Defining the Terms: Umbrella and Rider

We are certified inventory professionals, offering documentation of home or business contents. The most commonly known reason for collecting this information is to be prepared in the event of a loss (file, theft, natural disaster) resulting in a need to file an insurance claim.


This translates to many who think that we are experts in the insurance field as well. We are often asked by clients if we think they are sufficiently insured, what types of additional insurance they should purchase, etc. Our immediate response is that we are not insurance professionals and we leave those discussions up to the insurance agents.


With that said, our main purpose for all of our marketing, public speaking opportunities, and this newsletter, is to provide education about the inventory industry. Much of this information, of course, includes insurance. We have learned over the years that there is some confusion between an umbrella policy and a rider.


Umbrella insurance


Investopia explains that this is extra liability coverage that goes beyond the limits of your homeowner’s, auto, or watercraft insurance policy. It is purchased to provide you, the policyholder, with additional insurance for injuries caused to others in an accident or if you cause damage to other people’s property.


Umbrella policies also protect against libel, vandalism, slander, and invasion of privacy. This additional insurance is very helpful when you are sued and the dollar amount exceeds your original policy.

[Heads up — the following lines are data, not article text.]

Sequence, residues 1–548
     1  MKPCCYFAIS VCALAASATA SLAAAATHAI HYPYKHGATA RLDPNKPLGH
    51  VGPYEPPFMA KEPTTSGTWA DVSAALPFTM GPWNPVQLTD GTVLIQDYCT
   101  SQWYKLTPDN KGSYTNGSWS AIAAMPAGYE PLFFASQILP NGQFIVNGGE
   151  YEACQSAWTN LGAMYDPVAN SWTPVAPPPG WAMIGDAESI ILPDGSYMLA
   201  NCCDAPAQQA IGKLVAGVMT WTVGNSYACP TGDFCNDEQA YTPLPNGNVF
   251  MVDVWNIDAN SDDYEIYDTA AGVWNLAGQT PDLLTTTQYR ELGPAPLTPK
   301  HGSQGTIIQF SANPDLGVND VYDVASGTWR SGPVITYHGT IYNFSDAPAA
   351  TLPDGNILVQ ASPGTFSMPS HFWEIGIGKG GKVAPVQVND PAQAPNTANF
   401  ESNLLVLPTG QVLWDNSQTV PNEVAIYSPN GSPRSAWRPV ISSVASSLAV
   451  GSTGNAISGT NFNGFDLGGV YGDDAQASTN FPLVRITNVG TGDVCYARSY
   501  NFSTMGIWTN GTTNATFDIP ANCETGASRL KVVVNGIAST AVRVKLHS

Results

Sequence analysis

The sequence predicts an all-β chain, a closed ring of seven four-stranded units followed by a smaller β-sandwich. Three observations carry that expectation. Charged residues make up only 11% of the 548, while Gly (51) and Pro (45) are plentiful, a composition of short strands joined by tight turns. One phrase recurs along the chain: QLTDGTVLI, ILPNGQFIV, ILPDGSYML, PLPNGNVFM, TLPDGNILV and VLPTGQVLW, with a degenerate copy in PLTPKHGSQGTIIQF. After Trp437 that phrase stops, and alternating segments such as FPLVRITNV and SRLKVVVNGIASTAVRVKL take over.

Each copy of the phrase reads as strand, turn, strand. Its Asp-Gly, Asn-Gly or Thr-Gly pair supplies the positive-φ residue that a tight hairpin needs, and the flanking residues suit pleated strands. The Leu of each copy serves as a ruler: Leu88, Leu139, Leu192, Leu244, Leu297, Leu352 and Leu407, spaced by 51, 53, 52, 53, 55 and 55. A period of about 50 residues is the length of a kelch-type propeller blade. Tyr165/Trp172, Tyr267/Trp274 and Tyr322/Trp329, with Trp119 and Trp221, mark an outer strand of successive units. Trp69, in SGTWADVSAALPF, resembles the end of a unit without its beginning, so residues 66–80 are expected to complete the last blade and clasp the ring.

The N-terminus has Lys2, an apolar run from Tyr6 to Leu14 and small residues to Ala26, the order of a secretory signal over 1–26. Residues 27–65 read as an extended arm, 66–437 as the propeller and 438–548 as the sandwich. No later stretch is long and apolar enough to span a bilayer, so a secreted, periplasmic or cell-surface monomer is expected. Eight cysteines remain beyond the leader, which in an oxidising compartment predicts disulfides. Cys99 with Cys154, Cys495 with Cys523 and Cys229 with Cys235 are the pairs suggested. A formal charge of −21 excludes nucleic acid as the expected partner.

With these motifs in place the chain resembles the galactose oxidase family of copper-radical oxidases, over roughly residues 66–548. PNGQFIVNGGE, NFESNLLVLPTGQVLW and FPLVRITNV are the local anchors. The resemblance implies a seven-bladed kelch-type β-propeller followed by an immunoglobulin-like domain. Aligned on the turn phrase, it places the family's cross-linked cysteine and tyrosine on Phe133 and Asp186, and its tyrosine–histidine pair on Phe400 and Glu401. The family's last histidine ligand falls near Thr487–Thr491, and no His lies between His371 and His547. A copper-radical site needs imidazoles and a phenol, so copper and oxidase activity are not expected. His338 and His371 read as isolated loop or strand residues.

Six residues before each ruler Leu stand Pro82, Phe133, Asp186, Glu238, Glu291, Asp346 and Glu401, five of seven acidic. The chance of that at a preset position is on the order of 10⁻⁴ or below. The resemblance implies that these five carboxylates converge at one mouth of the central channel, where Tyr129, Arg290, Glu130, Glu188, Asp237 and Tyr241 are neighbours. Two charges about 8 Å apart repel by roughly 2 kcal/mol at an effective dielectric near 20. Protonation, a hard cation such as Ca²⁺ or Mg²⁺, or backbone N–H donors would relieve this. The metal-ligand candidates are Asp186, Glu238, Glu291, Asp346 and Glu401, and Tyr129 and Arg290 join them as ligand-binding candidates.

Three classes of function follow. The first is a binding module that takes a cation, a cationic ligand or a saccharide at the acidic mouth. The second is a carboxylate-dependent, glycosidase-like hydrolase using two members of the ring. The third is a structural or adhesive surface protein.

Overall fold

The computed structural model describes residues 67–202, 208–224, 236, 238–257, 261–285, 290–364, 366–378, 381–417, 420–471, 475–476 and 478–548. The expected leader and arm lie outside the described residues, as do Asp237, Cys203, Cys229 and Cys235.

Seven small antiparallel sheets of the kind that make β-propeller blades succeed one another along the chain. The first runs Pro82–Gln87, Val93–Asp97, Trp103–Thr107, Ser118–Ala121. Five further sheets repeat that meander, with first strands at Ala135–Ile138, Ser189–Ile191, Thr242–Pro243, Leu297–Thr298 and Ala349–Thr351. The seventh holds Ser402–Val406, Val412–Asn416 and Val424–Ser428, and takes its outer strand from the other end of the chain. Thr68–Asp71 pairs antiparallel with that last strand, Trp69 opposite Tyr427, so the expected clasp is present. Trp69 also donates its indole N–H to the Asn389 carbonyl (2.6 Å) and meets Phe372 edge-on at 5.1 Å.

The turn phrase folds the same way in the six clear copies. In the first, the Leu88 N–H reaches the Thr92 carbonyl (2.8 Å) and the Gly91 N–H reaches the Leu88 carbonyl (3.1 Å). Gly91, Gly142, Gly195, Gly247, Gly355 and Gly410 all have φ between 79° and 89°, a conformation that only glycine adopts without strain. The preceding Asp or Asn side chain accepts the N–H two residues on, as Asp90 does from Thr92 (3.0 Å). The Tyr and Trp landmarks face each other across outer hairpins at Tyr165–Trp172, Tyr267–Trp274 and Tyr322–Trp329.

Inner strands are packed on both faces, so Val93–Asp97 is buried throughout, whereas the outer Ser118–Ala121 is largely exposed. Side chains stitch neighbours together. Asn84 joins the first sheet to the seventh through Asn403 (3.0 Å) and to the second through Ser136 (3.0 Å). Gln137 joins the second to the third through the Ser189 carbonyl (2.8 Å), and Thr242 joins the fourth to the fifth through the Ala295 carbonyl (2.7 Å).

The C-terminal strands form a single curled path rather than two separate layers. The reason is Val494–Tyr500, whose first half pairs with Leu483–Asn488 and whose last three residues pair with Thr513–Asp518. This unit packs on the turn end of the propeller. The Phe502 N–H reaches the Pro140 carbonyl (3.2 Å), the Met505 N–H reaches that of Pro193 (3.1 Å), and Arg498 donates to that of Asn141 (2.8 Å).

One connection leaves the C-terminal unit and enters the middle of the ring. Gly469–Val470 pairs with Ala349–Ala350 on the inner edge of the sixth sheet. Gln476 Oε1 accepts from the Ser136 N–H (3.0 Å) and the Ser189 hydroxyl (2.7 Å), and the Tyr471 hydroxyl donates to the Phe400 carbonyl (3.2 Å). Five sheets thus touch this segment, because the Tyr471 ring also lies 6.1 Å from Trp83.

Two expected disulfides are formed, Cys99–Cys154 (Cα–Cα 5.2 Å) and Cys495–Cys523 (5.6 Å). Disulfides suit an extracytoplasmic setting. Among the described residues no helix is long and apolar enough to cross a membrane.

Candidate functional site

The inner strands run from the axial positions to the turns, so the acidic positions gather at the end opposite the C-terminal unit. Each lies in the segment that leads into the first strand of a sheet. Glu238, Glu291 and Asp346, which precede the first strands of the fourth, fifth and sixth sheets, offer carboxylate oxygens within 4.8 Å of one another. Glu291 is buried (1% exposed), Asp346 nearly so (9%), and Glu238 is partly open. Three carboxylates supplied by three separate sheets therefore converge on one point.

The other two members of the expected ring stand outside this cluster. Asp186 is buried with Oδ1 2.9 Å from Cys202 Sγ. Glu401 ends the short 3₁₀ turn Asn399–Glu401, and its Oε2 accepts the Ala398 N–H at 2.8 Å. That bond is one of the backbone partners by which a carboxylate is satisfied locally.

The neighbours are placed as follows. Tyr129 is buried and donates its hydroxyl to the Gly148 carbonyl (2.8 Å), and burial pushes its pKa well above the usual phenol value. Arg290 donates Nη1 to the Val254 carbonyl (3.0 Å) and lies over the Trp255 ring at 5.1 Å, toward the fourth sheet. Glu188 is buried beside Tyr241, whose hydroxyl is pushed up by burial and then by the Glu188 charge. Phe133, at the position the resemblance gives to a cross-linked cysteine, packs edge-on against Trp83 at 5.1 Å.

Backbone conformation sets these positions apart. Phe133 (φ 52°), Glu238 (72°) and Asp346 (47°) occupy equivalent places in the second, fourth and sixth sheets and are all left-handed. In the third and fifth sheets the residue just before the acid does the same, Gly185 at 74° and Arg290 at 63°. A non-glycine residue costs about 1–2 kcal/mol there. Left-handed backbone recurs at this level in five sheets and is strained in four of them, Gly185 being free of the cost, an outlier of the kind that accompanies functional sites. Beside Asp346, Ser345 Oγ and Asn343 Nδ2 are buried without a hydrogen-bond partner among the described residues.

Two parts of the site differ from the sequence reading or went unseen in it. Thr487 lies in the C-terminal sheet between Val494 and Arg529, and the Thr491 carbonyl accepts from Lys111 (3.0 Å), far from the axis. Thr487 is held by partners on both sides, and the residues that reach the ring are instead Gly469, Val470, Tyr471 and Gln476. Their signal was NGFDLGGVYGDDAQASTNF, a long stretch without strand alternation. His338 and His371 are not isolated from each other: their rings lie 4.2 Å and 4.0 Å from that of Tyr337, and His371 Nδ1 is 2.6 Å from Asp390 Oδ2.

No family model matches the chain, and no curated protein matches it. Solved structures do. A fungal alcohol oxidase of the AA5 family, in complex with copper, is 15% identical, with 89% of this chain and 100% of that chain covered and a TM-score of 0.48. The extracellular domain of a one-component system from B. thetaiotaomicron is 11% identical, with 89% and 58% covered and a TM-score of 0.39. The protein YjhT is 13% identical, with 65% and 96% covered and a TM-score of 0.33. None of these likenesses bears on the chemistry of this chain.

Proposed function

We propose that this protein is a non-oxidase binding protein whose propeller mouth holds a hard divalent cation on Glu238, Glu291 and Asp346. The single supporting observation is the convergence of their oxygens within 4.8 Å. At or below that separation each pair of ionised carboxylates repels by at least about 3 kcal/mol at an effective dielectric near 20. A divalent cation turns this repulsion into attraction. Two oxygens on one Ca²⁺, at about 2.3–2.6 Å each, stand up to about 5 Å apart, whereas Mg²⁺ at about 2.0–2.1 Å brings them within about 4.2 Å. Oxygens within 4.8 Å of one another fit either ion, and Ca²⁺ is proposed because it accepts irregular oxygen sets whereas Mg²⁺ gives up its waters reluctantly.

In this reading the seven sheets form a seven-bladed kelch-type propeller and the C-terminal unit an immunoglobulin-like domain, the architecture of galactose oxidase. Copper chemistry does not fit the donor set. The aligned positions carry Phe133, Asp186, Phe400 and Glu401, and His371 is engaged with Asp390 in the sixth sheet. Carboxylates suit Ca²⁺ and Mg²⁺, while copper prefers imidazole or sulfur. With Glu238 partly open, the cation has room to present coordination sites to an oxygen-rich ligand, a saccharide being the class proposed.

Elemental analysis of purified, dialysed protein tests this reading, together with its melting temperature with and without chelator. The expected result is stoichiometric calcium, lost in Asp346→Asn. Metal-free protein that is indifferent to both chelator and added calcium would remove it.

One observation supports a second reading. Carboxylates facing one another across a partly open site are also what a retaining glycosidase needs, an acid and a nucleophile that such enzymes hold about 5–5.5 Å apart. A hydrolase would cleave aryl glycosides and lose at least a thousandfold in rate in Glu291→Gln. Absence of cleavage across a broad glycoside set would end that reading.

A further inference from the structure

Rider or Scheduled Personal Property


You purchase homeowner’s or renter’s insurance to cover losses of personal property so you can have the funds required to get you back where you were before the incident. However, coverage is limited to the amount of your policy, and many policies have items with a stated limit of coverage that will rarely fully replace these specific items. For example, a common limit for jewelry can be only $1,500. Some other items that face restrictions on standard coverage are artwork, antiques, sports equipment, firearms, and collectibles.


To ensure proper coverage and the ability to replace these belongings after a loss, you might require additional coverage. This option is called Scheduled Personal Property, or a rider to your insurance policy. These riders make it possible to cover special items for the appraised or assessed value.


So, now when you’re discussing your homeowner’s or renter’s insurance with your family, friends, or insurance agent, you’ll know that an umbrella policy covers liability and a rider covers your higher value home or business contents.